Grocery Store Gardener: Grapefruit
Grapefruit was one of my first real plants that I grew on my own initiative. I was still in grade school when we had some grapefruit that had seed beginning to sprout. I couldn’t tell you today whether it was fruit that had been left in the refrigerator for a very long time or whether it was fruit that came in to the store that had already begun to sprout. Grapefruit is a commercial fruit that can be left on the tree quite some time after it ripens. This is a great way for growers to extend their picking/shipping season. Some say that the longer the fruit is allowed to remain on the tree the sweeter the fruit.
I am not sure how we came to have a grapefruit with seed that had begun to sprout. All I remember is going out to the garden to get a container of frozen soil since it was winter. This wasn’t bags of soil time especially for a country child when I was a child. I let the soil thaw and then planted the sprouting seed I had kept in a small bowl of water. I had several seed sprout. I eventually gave each a container. I know I gave some of the seedlings away. I remember that I could only keep one.
I had that grapefruit through college. When I had my first real apartment my mom made me take it with me. She was tired of caring for it for the past 4 years. It was 6 feet tall and quite impressive. Even though it was close to 20 years old it had not flowered. This is one of the problems one can encounter with seed grown plants. It is often said to take 6 to 15 years or more before a grapefruit seedling will sprout. Rooted cuttings are generally the preferred method for propagation as these produce fruit faster.
Starting from Seed
Seed propagation is probably the best alternative the vast majority of people who live in plant zones cooler than Zone 10. This zone begins about mid Florida and south or in Southern California. This means most of us will not have easy access to rooted cuttings. I’m sure some of you may wish to order from specialty nurseries. This will of course get you access to some varieties not commonly found in regular grocery stores in the north.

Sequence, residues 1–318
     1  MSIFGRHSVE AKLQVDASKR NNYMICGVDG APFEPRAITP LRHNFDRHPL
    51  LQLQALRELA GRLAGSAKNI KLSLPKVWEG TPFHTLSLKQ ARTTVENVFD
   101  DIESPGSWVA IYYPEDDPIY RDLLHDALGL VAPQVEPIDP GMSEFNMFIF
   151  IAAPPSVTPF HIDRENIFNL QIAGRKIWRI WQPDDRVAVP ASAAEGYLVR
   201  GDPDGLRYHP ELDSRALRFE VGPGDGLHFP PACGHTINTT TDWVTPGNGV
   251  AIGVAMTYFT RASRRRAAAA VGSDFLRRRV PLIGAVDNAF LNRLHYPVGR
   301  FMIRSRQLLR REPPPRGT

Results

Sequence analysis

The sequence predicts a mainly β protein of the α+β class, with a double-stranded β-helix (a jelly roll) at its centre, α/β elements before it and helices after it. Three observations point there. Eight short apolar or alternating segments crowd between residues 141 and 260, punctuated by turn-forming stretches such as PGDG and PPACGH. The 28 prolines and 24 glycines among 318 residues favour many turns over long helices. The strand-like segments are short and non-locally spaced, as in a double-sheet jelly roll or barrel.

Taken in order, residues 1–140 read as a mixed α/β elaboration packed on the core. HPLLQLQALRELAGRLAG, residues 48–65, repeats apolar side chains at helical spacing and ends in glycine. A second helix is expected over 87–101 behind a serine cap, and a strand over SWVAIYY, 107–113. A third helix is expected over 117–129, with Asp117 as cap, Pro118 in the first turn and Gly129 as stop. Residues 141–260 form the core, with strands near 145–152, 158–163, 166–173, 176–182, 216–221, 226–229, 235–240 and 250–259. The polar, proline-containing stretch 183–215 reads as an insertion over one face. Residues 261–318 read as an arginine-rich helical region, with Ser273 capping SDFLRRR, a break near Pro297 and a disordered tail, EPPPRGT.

Still, starting a grapefruit from seed will be our mission today. I am using the seed inside of a fruit that unfortunately did not get eaten. In fact, when I realized after I had it a couple of weeks, I determined to let it “molder” on the counter until I had time to open it up. As you can see in the image it has been much longer than those couple of weeks. While my seed was not sprouting I feel the extra time in the fruit has had a chance to completely mature.
History and Cultural Considerations
Grapefruit is a natural cross between a pomelo and a standard sweet orange. It was a discovered seedling in the West Indies in the Barbados actually about the middle of the 18th Century. It was considered to be a mutation of the pomelo for many years until it was later determined to be a hybrid. Since then other mutations that have naturally occurred or induced through irradiation has led to newer cultivars. The newer versions are selected for their red fruit and how long the red color will last in a ripe fruit. Early red cultivars would fade with some age. The name came into fashion in the 19th century when other locations began planting this citrus. The fruit tends to cluster in groups which reminded these early growers of grapes.
One of the interesting things about the grapefruit hybrid is that the seed comes true. Normally a hybrid will not produce seed that mirrors the adult. Many citrus (and some other plants) produce seed that is referred to as nucellar embryony. This means that the children or seed sprout to become clones of the parent. There is always some variability that can result during embryonic production and then fertilization. It is both a strength and a weakness for plants to have this feature. The weakness is that it becomes difficult to produce new hybrids. That is what makes the grapefruit so important. It was a rare and natural (not controlled) hybrid. The strength is that there is going to be an extremely high degree of probability that the seedling that you will get from this planting will be almost 100% the same as what produced the fruit it came from.